The 774–775 Carbon-14 Spike is an observed increase of 1.2% in the concentration of[carbon-14 isotope in tree rings dated to the years 774 or 775 CE, which is about 20 times as high as the normal background rate of variation. It was discovered during a study of Japanese cedar trees, with the year of occurrence determined through dendrochronology.[1] A surge in a specific isotope of beryllium (10Be), detected in Antarctic ice cores, has also been associated with the 774–775 event.[2]

The event appears to have been global, with the same carbon-14 signal found in tree rings from Germany, Russia, the United States, and New Zealand.[2][3][4] A "red crucifix" was recorded by the Anglo-Saxon Chronicle as appearing in the skies of Britain for the year 774; since no supernova remnant has been found for this year, it is interpreted as an aurora borealis.[2]

Time profile of the 774 AD spike in C-14.

Fig.1 The time profile of the carbon-14 spike around 774 CE. The colored dots represent the measurements in Japanese (M12) and German (Oak) trees, while the black lines represent the modeled profile corresponding to the instant production of carbon-14. Modified after.[2]

The signal exhibits a sharp increase of ~1.2% followed by a slow decline (see Figure 1), which is typical for an instant production of carbon-14 in the atmosphere,[2] indicating that the event was short in duration. The globally averaged production of carbon-14 for this event is calculated as Q= (1.1-1.5)×108 atoms/cm2.[2][5][6]


Several possible causes of the event have been considered.

The common paradigm is that the event was caused by a solar particle event (SPE) from a very strong solar flare, perhaps the strongest ever known, but still within the Sun's abilities.[2][5][7][8][9] Another discussed scenario of the event origin, involving a gamma-ray burst,[6][10] appears unlikely since the event was also observed in isotopes 10Be and 36Cl.[9]

Frequency of similar events

The event of 774 is the strongest spike over the last 11,000 years in the record of cosmogenic isotopes,[7] but it is not unique. A similar event occurred in 993 or 994, but it was only 0.6 times as strong.[11] Several other events of the same kind are also suspected to have occurred during the Holocene epoch.[7]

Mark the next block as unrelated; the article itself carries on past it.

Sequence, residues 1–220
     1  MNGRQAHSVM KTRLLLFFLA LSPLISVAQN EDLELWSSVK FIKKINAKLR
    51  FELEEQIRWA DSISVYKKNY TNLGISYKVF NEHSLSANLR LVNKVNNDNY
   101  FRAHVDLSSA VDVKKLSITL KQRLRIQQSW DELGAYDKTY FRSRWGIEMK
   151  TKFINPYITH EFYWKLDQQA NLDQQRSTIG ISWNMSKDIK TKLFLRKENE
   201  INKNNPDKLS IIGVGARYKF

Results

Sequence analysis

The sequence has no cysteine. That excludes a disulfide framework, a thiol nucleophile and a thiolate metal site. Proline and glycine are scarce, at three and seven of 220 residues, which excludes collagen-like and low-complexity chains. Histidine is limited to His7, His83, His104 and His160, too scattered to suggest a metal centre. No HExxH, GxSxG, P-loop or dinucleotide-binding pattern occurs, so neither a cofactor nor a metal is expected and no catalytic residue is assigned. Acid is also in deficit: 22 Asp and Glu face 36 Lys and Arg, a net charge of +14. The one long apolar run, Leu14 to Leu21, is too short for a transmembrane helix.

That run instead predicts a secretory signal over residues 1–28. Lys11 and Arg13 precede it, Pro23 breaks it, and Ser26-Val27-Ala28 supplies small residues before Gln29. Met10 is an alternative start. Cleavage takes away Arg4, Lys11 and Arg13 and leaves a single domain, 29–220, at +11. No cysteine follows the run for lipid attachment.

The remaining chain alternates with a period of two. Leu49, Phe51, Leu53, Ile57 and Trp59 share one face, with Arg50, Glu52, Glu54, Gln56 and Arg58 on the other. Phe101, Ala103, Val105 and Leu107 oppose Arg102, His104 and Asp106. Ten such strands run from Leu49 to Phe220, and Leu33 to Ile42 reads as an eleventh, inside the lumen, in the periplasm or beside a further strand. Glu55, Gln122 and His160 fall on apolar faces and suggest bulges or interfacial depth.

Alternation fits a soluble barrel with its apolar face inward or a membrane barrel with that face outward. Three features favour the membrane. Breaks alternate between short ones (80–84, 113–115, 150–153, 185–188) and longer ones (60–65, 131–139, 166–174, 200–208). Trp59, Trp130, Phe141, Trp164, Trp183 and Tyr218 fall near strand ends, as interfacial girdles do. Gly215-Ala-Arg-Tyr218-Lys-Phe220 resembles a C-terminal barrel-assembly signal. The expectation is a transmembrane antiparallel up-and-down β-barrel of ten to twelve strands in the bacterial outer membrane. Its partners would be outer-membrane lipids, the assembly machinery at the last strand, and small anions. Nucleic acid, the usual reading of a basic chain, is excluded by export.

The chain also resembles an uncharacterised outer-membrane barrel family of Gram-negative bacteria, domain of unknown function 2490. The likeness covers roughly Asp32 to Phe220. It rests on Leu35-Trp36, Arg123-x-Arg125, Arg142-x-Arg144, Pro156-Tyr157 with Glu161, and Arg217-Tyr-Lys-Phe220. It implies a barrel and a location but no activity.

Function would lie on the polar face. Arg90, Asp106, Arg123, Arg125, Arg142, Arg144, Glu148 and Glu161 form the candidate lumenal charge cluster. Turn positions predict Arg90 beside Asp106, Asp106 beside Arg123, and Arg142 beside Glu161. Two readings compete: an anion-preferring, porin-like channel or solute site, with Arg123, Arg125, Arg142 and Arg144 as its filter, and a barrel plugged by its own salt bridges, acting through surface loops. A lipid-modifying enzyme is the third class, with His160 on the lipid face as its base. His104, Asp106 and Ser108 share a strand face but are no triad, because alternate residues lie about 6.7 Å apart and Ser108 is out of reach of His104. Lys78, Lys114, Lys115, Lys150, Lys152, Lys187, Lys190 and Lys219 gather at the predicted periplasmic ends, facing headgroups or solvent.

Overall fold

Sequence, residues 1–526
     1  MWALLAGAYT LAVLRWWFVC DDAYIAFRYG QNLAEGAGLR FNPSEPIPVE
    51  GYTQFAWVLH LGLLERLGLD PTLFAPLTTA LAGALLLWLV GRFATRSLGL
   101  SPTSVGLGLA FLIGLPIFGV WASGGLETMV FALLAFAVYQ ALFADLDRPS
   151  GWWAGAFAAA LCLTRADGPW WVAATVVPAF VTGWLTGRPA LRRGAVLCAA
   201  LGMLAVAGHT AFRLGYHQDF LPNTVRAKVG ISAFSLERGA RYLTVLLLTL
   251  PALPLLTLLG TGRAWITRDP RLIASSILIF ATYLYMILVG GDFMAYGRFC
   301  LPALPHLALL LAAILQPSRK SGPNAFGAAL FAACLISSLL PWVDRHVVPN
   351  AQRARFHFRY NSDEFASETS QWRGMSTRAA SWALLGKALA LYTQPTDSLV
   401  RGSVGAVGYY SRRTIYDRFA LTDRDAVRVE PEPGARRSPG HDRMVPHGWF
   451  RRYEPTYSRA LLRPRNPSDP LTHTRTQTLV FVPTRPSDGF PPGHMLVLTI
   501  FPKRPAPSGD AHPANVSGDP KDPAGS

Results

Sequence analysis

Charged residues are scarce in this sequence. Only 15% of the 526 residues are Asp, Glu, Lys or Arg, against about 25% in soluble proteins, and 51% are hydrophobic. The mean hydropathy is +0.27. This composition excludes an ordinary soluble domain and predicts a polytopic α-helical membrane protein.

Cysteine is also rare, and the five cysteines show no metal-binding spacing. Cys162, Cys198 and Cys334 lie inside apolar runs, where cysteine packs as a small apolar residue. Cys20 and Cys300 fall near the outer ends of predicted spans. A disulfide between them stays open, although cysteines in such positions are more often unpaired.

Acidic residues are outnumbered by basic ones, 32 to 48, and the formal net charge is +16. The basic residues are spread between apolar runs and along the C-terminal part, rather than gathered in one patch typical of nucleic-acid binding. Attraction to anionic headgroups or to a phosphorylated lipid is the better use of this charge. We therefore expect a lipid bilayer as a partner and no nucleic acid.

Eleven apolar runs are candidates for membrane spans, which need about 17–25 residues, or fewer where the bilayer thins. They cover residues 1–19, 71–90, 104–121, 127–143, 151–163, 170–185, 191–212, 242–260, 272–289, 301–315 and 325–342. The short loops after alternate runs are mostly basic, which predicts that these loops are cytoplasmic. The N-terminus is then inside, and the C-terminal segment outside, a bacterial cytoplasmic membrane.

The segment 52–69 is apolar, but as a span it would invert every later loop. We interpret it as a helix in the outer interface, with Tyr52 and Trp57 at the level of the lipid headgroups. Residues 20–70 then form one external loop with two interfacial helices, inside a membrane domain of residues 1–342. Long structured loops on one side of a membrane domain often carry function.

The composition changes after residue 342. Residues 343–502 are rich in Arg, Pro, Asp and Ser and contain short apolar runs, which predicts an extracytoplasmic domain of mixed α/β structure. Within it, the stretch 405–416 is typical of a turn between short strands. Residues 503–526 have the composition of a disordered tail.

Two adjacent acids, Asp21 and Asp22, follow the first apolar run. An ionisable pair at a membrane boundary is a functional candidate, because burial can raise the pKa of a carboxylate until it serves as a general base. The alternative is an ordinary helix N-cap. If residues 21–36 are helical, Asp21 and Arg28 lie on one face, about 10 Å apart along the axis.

From these statistics, one may expect that such strong events occur once per tens of millennia, while weaker events may occur once per millennium or even century. The event of 774 did not cause catastrophic consequences for life on Earth,[8] but had it happened in modern times, it may have produced catastrophic damage to modern technology, particularly to communication and space-borne navigation systems. In addition, a solar flare capable of producing the observed isotopic effect would pose considerable risk to astronauts. [12]

See also


  1. Miyake, F.; Nagaya, K.; Masuda, K.; Nakamura, T. (2012). "A signature of cosmic-ray increase in AD 774–775 from tree rings in Japan". Nature 486 (7402): 240–242. 
  2. 2.0 2.1 2.2 2.3 2.4 2.5 2.6 Usoskin, I. G. et al. (2013). "The AD775 cosmic event revisited: The Sun is to blame". Astronomy & Astrophysics 552 (1): L3. 
  3. Jull, A.J.T.; Panyushkina, I.P.; Lange, T.E. (2014). "Excursions in the 14C record at AD 774-775 in tree rings from Russia and America". Geophys. Res. Lett. 41: 3004–3010. 
  4. Güttler, D.; Beer, J.; Bleicher, N. (2013). "The 774/775 AD event in the southern hemisphere". Annual report of the laboratory of ion beam physics (ETH-Zurich). 
  5. 5.0 5.1 Melott, A.L.; Thomas, B.C. (2012). "Causes of an AD 774-775 C increase". Nature 491: E1. 
  6. 6.0 6.1 Pavlov, A.K.; Blinov, A.V.; Konstantinov, A.N. (2013). "AD 775 pulse of cosmogenic radionuclides production as imprint of a Galactic gamma-ray burst". Mon. Notes R. Astron. Soc. 435: 2878–2884. 
  7. 7.0 7.1 7.2 Usoskin, I.G.; Kovaltsov, G.A. (2012). "Occurrence of Extreme Solar Particle Events: Assessment from Historical Proxy Data". Astrophys. J. 757: 92. 
  8. 8.0 8.1 Thomas, B. C.; Melott, A. L.; Arkenberg, K. R.; Snyder, B. R. (2013). "Terrestrial effects of possible astrophysical sources of an AD 774-775 increase in 14C production". Geophysical Research Letters 40 (6): 1237. 
  9. 9.0 9.1 Mekhaldi (2015). "Multiradionuclide evidence for the solar origin of the cosmic-ray events of ᴀᴅ 774/5 and 993/4". Nature Comm. 6: 8611. 
  10. Hambaryan, V. V.; Neuhauser, R. (2013). "A Galactic short gamma-ray burst as cause for the 14C peak in AD 774/5". Monthly Notices of the Royal Astronomical Society 430 (1): 32–36. 
  11. Miyake, F.; Masuda, K.; Nakamura, T. (2013). "Another rapid event in the carbon-14 content of tree rings". Nature Comm 4: 1748. 
  12. Townsend, L. W.; Porter, J. A.; deWet, W. C; Smith, W. J.; McGirl, N. A.; Heilbronn, L. H.; Moussa, H. M. (2016-06-01). "Extreme solar event of AD775: Potential radiation exposure to crews in deep space". Acta Astronautica. Special Section: Selected Papers from the International Workshop on Satellite Constellations and Formation Flying 2015 123: 116–120. 

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This page uses content from the English Wikipedia. The original article was at 774–775 carbon-14 spike. The list of authors can be seen in the page history.

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